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This eBook from the Gutenberg Project consists of approximately 206 pages of information about Darrel of the Blessed Isles.
of Hillsborough.  Midway was a little white building, its eaves within reach of one’s hand, its gable on the line of the sidewalk overhanging which, from a crane above the door, was a big, golden spool.  In its two windows were lace and ribbons and ladies’ hats and spools of thread, and blue shades drawn high from seven o’clock in the morning until dark.  It was the little shop of Ruth Tole—­a house of Fate on the way from happening to history.  There secrets, travel-worn, were nourished a while and sent on their way; reputations were made over and often trimmed with excellent taste and discrimination.  The wicked might prosper for a time, but by and by the fates were at work on them, there in the little shop, and then every one smiled as the sinner passed, with the decoration of his rank upon him.  And the sinner smiled also, seeing not the badge on his own back but only that on the back of his brother, and was highly pleased, for, if he had sin deeper than his brother’s he had some discretion.  Relentless and not over-just were they of this weird sisterhood.  Since the time of the gods they have been without honour but never without work, and often they have had a better purpose than they knew.  Those of Hillsborough did their work as if with a sense of its great solemnity.  There was a flavour of awe in their nods and whispers, and they seemed to know they were touching immortal souls.  But now and then they put on the masque of comedy.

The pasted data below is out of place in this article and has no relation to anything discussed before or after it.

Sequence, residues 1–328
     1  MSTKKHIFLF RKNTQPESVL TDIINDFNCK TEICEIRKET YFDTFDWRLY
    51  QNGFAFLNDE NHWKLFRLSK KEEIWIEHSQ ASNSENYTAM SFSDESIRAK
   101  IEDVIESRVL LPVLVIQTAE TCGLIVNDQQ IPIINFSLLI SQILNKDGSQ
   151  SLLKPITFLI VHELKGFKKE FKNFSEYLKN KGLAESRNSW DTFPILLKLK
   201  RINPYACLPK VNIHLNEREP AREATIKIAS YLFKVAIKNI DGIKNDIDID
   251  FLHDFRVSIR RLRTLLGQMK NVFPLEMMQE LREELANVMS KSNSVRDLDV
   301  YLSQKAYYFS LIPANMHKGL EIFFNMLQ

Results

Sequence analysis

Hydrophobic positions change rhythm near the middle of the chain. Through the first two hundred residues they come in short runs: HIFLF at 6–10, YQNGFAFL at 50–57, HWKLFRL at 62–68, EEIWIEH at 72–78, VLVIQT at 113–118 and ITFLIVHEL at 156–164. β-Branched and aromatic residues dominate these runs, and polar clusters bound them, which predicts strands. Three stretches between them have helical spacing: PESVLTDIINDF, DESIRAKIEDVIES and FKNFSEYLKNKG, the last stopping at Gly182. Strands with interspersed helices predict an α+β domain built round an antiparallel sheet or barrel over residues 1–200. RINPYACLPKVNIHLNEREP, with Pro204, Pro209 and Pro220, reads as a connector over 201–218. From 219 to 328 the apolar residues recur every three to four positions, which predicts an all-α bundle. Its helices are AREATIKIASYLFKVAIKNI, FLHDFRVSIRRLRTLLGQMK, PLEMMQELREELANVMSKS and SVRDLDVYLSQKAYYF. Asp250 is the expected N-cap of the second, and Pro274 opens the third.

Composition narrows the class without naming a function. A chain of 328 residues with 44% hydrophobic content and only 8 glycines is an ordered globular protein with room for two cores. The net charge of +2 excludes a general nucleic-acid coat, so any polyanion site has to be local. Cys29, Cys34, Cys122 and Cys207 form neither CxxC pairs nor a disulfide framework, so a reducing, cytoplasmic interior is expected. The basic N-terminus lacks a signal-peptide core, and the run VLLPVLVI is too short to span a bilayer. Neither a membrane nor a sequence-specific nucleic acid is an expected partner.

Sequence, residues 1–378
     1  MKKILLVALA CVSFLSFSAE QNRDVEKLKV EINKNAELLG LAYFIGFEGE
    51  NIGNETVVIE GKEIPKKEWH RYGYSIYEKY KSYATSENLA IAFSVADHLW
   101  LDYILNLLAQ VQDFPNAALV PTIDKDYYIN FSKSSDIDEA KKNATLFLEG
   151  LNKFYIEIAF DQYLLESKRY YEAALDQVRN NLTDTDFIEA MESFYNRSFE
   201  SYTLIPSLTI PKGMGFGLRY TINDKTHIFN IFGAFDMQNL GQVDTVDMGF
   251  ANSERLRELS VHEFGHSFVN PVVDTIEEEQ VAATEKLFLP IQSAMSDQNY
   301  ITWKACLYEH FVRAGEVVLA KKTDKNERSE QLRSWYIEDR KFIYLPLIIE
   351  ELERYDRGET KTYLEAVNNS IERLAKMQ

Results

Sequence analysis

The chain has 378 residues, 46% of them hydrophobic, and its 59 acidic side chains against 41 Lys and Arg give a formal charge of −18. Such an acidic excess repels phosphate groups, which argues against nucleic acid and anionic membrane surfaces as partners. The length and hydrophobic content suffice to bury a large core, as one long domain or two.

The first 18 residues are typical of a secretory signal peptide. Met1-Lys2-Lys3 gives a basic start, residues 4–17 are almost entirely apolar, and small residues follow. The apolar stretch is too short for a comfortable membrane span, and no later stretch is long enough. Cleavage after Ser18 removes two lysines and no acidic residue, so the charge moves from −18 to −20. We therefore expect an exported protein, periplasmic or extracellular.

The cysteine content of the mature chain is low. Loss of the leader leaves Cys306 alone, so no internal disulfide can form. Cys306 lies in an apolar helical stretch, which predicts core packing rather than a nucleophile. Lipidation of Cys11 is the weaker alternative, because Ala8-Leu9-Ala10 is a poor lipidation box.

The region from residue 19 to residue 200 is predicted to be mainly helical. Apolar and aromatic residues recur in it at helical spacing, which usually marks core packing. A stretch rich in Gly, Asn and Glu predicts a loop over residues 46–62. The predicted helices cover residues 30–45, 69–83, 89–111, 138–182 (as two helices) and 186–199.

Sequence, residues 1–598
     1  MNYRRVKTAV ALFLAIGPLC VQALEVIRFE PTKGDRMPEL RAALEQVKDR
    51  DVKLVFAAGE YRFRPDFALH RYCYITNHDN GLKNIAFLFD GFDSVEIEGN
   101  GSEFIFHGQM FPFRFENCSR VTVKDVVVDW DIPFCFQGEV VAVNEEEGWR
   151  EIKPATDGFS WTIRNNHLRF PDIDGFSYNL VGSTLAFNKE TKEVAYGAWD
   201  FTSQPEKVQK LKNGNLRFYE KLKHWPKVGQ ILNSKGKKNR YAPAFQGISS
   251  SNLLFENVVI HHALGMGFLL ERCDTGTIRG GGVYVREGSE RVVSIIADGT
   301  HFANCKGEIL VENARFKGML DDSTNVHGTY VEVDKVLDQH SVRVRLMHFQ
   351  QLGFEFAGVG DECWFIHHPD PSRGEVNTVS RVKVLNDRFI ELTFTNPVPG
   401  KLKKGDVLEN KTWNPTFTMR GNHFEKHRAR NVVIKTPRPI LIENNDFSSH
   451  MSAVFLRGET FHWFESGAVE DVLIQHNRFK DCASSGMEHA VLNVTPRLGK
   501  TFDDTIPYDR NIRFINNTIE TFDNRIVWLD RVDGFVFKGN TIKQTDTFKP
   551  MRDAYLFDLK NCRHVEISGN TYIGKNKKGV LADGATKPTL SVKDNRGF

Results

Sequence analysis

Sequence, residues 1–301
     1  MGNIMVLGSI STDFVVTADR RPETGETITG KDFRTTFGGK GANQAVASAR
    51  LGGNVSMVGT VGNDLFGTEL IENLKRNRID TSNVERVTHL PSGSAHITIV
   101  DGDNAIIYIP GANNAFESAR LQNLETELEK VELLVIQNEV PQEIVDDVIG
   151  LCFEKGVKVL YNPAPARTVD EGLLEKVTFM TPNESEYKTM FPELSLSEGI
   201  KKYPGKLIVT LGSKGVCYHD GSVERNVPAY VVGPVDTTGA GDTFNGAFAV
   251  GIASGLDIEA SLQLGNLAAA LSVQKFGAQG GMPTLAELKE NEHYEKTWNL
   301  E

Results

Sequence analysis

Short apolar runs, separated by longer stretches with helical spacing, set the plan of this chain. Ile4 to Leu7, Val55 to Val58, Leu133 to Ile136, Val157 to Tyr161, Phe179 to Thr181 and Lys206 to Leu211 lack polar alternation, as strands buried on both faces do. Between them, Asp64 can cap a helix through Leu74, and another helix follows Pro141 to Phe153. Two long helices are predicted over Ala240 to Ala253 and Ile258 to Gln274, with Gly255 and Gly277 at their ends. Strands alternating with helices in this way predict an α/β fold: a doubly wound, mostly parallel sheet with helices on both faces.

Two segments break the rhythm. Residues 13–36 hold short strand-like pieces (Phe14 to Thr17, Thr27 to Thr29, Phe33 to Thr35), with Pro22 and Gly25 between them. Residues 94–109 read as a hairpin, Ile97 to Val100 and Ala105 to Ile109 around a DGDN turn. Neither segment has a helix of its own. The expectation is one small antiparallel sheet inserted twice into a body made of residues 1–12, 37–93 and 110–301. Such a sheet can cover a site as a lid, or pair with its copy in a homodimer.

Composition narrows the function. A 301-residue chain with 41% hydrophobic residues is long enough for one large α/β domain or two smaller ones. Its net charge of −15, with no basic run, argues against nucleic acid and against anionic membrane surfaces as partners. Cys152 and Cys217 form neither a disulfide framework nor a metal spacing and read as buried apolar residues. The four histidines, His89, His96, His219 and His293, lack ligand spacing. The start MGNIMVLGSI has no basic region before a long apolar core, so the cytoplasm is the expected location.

Ruth Tole was behind the counter, sorting threads.  She was a maiden of middle life and severe countenance, of few and decisive words.  The door of the little shop was ajar, and near it a woman sat knitting.  She had a position favourable for eye and ear.  She could see all who passed, on either side of the way, and not a word or move in the shop escaped her.  In the sisterhood she bore the familiar name of Lize.  She had been talking about that old case of Riley Brooke and the Widow Glover.

“Looks to me,” said she, thoughtfully, as she tickled her scalp with a knitting-needle, “that she took the kinks out o’ him.  He’s a good deal more respectable.”

“Like a panther with his teeth pulled,” said a woman who stood by the counter, buying a spool of thread.  “Ain’t you heard how they made up?”

“Land sakes, no!” said the sister Lize, hurriedly finishing a stitch and then halting her fingers to pull the yarn.

The shopkeeper began rolling ribbons with a look of indifference.  She never took part in the gossip and, although she loved to hear it, had, mostly, the air of one without ears.

“Well, that old tinker gave ’em both a good talking to,” said the customer.  “He brings ’em face to face, and he says to him, says he, ‘In the day o’ the Judgment God’ll mind the look o’ your wife,’ and then he says the same to her.”

“Singular man!” said the comely sister Lize, who now resumed her knitting.

“He never robbed that bank, either, any more ’n I did.”

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